Often, part of managing a restaurant also means helping to drive new customers through your doors. One of the most effective ways to do this is by having a solid restaurant marketing strategy. Social media, in particular, is ideal when it comes to restaurant marketing. It’s either free or much cheaper than more traditional marketing outlets, like television commercials or print ads. Not to mention, it’s relatively easy to maintain a good social presence.
It’s also wise to have a well-maintained presence on Facebook, Instagram, Twitter, and LinkedIn. The ideal frequency of posts varies across each platform, but at least once a week is a good place to start.
Once you’ve got the handle of regular posting, don’t forget to interact with your customers who message, comment, and like your posts on these channels. It’s another way to convey the feel of your brand, make fans feel special, and show your authenticity. If you’ve got the budget, you can also leverage paid social media ads to spread brand awareness about your restaurant and target certain audiences. They’re also easier to track — win-win.
4. Train employees to expect the unexpected
“The customer is always right” is a classic phrase that is commonly thrown around in the restaurant business. But, depending on your customer’s demeanor, it can certainly be easier said than done. Your diners provide the revenue your eatery needs to stay afloat, so it’s important to do everything you can (within reason) to ensure they have a positive experience.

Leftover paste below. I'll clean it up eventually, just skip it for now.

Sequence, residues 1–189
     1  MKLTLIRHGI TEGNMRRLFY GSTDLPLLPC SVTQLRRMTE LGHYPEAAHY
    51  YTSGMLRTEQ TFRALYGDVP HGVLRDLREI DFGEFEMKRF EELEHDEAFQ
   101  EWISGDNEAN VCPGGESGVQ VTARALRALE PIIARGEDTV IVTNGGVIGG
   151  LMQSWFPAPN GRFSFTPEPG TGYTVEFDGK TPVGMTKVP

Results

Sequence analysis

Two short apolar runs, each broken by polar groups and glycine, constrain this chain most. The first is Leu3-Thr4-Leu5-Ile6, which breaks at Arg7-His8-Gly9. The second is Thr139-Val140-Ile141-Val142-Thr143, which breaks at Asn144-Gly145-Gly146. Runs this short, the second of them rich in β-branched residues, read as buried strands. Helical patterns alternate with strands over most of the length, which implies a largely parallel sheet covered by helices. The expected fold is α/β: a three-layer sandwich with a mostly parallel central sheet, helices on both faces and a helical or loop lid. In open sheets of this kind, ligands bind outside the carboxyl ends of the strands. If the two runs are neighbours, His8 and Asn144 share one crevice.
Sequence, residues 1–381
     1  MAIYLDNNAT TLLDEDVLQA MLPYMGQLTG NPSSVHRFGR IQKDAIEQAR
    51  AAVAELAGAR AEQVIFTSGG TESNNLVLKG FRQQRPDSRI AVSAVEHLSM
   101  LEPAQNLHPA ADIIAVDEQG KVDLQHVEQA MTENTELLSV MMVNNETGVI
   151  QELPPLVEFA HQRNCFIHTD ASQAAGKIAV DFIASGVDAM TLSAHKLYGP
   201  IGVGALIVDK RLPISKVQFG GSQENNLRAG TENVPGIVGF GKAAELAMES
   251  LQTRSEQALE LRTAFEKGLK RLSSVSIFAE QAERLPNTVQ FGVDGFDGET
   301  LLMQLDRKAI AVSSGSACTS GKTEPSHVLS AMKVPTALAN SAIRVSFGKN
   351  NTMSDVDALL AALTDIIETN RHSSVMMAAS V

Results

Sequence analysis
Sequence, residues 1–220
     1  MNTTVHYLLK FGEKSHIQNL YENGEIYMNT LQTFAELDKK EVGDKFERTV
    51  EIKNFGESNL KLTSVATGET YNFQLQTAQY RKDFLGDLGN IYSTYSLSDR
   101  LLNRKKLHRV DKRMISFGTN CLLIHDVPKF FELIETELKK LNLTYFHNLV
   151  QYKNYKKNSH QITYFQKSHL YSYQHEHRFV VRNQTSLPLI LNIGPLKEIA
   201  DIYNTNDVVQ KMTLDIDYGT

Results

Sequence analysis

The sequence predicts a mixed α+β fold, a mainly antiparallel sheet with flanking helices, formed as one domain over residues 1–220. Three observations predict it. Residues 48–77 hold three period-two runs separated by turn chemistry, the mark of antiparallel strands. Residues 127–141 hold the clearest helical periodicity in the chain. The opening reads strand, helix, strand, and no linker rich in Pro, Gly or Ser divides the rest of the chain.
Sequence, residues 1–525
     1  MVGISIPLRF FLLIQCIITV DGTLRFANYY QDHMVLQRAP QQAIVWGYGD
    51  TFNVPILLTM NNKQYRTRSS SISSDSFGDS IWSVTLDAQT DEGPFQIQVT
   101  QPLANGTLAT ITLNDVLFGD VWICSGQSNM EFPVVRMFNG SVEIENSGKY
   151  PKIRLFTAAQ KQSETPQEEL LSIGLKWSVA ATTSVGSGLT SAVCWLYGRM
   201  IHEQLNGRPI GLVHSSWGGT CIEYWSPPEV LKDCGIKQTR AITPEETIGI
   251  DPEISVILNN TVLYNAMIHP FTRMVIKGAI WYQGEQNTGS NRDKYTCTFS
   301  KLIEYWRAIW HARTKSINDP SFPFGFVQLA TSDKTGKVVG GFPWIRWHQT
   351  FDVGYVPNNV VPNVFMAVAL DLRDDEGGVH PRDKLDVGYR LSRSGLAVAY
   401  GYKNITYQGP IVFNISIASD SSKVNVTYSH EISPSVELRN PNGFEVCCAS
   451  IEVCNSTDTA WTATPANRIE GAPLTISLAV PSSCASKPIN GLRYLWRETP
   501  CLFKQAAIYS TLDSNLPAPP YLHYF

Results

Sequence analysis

Make sure all of your staff know how to respond when someone asks about menu modifications for dietary restrictions. They should also know what to do in response to angry or out-of-line customers (alert the on-duty manager), and people who show up to your restaurant 10 minutes before you’re about to close (seat them and let the kitchen know how many people are in the party). Restaurant managers have to handle it all, so the more you prepare your team for a variety of scenarios, the better.
5. Suggest hosting events
As a manager, you’re affected by how much revenue your restaurant brings in. Looking for creative ways to give your bottom line a boost? If you have a private or semi-private dining area that can hold groups of eight or more people, let higher-ups know that they should consider renting out those spaces for events, if they’re not already. Events can quickly fill up your calendar if you’re struggling to meet sales goals. If you’re worried about accommodating events and regular customers at the same time, you can always start off by only hosting events during times you’re normally closed or slow.
If you’re just starting out and want to drum up some initial interest through introductory deals:
- Give a discount to customers who want to rent out your space on a weeknight
- Offer 10 percent off to someone who books a party within the first three months of your new events program launching